San Francisco does a lot to stay in touch with its Irish roots and Ireland in general. The St. Patrick’s Day Parade in San Francisco is still one of the largest in the country and the Irish community in the Bay celebrates the parade even when it’s six months away. The “Halfway to St. Patrick’s Day” weekend party culminates in a gathering at Golden Gate Park in the heart of the city. This park event is also referred to as Robert Emmet day, because the festivities include laying a wreath at the base of his statue, located right in the middle of the park.
Once upon a time, the American government worked. Bipartisan agreements made sure laws and budgets were passed, the court system wasn’t overloaded and exhausted and Presidents were kept in check by legislators, rather than the other way round. I know it sounds like a faerie tale in today’s day and age but it is true. People in government once did their jobs. America even had a law on the books that refused support or arms to any country that was designated as a human rights abuser and it could actually take a stand against others in that arena without being a complete laughingstock. To be sure, these embargoes always depended on which lobby had the most influence on the American government at the time, but occasionally the U.S. actually lived up to its own hype. On this day in 1979, the U.S. even stood against one of its biggest allies when it refused to send arms to the Royal Ulster Constabulary (the RUC) in the North of Ireland on the grounds that the British government was violating the human rights of the citizens who lived there. To say that the powers that be on both sides of the puddle were upset by this stance would be an understatement, but there was no easy way to get around it thanks to Ad Hoc Congressional Committee for Irish Affairs.
I can’t seem to focus on my regular, historical content these days and I apologize for the sporadic nature of the last couple of months. My state of mind can be summed up in a brilliantly tragic tweet by a certain Tim Grierson who says: “Being angry all the time is exhausting and corrosive. Not being angry all the time feels morally irresponsible.” He’s right – this is life in America (and other places too I’m sure) these days. But before I attempt to return to my regularly scheduled Irish history program, I have to publicly lose my mind for a minute so that my little corner of international readers understands one very important thing. Americans are not OK.
He was brash and tenacious. He was often obnoxious and nearly always a drunk. He was a brilliant writer, but in his words he was “more importantly, a reader.” He was a cocky, yet humble adventurer who was opinionated but always seemed ready to be wrong or surprised. Anthony Bourdain was not Irish but he had a gift of gab and a way with words that put him on par with many of the great Irish writers that he was inspired by. He was touched by Ireland on his first trip there and on his last he wrote “Heaven looks like this” in the guestbook at the Gravedigger pub.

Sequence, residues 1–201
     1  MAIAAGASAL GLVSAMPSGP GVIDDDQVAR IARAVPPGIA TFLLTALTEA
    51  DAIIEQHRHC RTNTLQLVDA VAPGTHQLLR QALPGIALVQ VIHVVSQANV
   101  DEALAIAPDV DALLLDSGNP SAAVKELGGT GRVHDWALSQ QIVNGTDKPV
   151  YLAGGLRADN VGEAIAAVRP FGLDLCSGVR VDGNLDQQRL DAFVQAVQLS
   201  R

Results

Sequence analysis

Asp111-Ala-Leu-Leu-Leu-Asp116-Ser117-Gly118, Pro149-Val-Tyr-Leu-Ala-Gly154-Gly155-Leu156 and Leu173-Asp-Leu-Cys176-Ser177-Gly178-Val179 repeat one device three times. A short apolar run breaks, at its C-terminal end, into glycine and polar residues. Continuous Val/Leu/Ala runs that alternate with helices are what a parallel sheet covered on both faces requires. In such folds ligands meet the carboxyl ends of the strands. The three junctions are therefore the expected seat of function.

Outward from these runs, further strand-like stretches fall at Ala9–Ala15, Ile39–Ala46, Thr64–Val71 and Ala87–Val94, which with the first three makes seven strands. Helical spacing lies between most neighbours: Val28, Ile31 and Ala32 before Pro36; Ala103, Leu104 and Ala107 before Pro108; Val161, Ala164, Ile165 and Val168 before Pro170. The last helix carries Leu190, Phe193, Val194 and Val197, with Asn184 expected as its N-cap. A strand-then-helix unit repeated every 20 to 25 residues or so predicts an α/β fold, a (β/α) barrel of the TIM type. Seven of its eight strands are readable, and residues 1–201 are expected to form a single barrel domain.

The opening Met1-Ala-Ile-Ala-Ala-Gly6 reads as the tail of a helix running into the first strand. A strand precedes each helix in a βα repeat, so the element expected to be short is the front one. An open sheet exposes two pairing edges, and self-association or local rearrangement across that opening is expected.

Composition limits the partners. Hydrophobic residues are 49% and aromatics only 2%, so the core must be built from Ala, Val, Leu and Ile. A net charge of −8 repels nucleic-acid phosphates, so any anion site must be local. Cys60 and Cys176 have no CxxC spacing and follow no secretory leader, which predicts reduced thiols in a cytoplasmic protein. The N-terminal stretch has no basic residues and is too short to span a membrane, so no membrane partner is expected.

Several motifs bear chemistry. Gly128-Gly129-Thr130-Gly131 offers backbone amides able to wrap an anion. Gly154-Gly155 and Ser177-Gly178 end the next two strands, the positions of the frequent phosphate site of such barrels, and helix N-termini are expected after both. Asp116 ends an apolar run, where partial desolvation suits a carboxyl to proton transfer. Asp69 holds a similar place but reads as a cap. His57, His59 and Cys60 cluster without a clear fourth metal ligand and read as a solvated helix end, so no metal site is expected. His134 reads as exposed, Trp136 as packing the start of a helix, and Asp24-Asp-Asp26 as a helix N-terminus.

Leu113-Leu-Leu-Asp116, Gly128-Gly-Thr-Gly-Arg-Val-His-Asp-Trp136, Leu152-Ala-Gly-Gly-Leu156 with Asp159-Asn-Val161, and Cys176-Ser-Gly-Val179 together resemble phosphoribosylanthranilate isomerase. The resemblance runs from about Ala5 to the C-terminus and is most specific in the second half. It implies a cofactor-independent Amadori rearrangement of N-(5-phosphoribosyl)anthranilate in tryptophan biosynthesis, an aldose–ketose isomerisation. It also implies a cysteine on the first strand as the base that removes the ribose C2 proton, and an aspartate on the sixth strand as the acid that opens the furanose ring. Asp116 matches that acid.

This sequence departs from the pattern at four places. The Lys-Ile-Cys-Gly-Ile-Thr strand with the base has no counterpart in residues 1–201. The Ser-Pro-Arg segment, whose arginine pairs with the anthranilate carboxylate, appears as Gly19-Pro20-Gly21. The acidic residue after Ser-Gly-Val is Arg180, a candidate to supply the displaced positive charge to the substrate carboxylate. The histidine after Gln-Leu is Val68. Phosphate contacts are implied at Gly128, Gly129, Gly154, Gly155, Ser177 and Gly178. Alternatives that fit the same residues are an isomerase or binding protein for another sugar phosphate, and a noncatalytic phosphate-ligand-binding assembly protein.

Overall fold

It still amazes me when people ask me why I like being in Ireland so much – and why I pretty much never go anywhere else. Aside from all my regular and well documented answers, here’s another one. It’s hard to maintain a sense of humor when you live under the cheeto-dusted tangerine and his psycho policies every day – so finding something like this that makes you belly-laugh is important.
Without further ado, coming to you live from Killarney….
Thanks for the laugh – and the new theme song!
As a realistic and somewhat pessimistic woman I tend to stay away from international days of anything. One day of focus is not enough to change anything or even learn much of any given subject. That said, as a woman in the male-dominated world of history and a citizen in a country that is regressing horribly I feel like not mentioning International Women’s Day would be a terrible mistake.
The Irish have always flocked to America’s shores for one reason or another. Some have argued that the Irish built America itself, despite its inherent distrust and discriminatory attitudes toward them. And just how did the U.S. repay them for their work? Not well. America treated the Irish horribly. There were anti-Irish riots. There were “No Irish” signs. The Irish people were used and abused for years but they kept coming and eventually they became part of the fabric of the country where many thrived. It’s safe to say that without them, the United States would be a very different place.
Today there are 34.5 million people in the U.S. who claim an Irish heritage, which is nearly 30 million more than the entire population of Ireland itself. This includes the few hundred thousand Irish-born people who currently live and/or work in America legally but it doesn’t count the estimated 10,000-50,000 Irish people who are not legally supposed to be in the country. These folks usually settle in so-called “Sanctuary cities” like New York, Boston, and San Francisco where there are large, established Irish communities and city law enforcement agencies that do not contact or cooperate with immigration officials unless absolutely necessary. It creates an illusion of safety but the pervasive threat of discovery is serious and it’s getting more dire every day.